Stauart Beattie makes his blockbuster directing debut with I, Frankenstein, but if you’re a fan of popular genre fare and mythos, then you probably know Beattie’s writing credits, which include giving rise to the Pirates of the Carribbean and G.I. Joe movie franchises, as well as some cult-favorite genre flicks of the last few years like Derailed and Collateral.
In I, Frankenstein Beattie takes a mix of Mary Shelly’s iconic gothic horror novel and Underworld star Kevin Grevioux’s supernatural action graphic novel adaptation and transforms them into an expansive and immersive blockbuster universe that will likely leave viewers intrigued and probing for deeper mythology even after the movie is over.
We took the opportunity to speak with Beattie at the NYC junket for I, Frankenstein, touching on what it takes to build a good movie universe, the deeper mythology of the I, Frankenstein world, and what direction the story and character could take if given a franchise opportunity:
Screen Rant: You are kind of a universe builder – cynical people might say franchise starter – you are actually very good about building these universes that are so immersive. Right now universe-building is what blockbuster franchises are all about, so what makes a great universe – especially a genre universe – to draw people in?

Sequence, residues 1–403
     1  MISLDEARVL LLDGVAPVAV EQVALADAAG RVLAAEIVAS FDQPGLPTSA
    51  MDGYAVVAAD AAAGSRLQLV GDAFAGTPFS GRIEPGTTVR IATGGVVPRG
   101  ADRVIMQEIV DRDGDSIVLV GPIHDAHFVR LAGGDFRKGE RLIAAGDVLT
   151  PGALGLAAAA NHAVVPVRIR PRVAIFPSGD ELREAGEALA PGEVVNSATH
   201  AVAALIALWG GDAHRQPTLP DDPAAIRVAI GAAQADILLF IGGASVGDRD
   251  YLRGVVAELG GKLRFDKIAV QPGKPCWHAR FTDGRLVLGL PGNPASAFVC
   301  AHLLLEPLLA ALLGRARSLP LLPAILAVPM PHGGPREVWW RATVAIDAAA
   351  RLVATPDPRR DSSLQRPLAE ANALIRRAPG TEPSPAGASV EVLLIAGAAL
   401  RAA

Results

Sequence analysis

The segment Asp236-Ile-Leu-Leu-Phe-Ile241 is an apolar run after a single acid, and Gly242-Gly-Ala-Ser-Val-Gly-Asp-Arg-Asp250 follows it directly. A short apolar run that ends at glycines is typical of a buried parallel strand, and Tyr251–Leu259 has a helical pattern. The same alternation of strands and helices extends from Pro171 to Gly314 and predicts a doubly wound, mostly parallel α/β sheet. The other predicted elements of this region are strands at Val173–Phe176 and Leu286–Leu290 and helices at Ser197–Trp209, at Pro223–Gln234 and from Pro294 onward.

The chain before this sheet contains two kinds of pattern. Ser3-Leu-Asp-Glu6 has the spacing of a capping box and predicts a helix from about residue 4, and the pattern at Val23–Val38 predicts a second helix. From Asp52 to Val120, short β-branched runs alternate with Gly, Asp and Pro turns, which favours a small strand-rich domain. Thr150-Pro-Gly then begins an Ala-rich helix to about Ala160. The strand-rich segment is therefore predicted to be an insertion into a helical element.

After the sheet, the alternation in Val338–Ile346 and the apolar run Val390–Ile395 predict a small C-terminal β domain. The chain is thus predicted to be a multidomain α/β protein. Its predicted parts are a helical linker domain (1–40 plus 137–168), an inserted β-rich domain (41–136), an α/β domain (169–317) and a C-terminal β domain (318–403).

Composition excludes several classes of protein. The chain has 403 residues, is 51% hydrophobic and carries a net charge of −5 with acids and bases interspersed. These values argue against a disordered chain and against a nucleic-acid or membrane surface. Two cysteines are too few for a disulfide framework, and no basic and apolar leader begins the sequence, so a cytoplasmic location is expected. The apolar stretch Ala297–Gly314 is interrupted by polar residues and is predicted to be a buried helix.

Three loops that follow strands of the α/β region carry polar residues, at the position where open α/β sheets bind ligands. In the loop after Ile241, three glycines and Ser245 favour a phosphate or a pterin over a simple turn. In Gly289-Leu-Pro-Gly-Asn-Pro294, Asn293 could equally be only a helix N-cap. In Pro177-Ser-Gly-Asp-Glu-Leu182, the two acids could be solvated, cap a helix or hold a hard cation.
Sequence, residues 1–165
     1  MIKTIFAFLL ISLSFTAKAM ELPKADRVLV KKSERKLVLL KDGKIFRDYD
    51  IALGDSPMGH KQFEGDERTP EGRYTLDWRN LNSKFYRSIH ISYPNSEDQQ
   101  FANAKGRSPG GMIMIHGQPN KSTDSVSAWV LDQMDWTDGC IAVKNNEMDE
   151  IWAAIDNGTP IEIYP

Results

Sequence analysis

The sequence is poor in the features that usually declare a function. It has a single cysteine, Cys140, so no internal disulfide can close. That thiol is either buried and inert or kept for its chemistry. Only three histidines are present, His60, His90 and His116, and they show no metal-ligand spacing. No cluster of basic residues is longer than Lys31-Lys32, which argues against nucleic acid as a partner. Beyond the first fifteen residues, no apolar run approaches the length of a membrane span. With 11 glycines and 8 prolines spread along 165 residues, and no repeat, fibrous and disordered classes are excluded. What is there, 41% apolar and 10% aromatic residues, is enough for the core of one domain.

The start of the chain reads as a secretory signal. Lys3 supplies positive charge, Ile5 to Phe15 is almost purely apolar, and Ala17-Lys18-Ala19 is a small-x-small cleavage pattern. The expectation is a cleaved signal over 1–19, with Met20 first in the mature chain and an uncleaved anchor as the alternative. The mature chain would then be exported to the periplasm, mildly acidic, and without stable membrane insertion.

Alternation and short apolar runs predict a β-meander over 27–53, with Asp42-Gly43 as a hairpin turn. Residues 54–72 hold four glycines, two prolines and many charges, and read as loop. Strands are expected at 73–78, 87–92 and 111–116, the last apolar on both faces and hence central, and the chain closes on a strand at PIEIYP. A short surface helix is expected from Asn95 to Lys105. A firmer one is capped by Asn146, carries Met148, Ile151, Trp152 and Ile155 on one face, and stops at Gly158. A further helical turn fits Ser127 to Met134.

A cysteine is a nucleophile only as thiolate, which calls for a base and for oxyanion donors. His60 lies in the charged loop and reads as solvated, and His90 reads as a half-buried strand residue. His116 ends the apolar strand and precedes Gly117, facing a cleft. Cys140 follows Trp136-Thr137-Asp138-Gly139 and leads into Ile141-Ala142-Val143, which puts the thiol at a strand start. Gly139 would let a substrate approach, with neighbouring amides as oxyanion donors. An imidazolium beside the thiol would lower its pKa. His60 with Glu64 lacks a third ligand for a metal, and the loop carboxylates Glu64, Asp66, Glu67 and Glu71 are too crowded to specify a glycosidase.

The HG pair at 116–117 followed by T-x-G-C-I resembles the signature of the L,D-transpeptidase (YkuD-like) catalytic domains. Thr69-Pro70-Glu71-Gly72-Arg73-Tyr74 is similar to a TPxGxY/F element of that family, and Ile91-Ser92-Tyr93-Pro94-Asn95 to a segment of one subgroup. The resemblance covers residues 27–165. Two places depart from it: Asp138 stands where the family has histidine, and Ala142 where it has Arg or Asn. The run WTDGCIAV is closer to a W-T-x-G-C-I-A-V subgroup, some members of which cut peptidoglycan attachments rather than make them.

Stuart Beattie: For me it’s authenticity. Three words; author, authentic and authenticity, they all come from the same Latin root, and I think they are all connected in cement; you can’t have one without the other. In any story you tell you have to make it all absolutely believable, even if it’s a real day modern-day cop story in the streets of New York, it’s got to feel absolutely real. There is a mythology that you’re building there to make it feel real and it applies to fantasy films just as much. These worlds don’t exist in our world; you got to make sure that it is a completely realized world and that just comes from tons and tons and tons of work.
Writing, writing, writing and thinking, thinking, thinking, developing, designing and redesigning and having enough time — I spent a good year and a half creating this world before we shot it. There was even a lot more design after we shot it. We were getting into all the visual effects work, so I mean in three years of the development of the film, two and a half years of the film was purely world building, just making it feel real.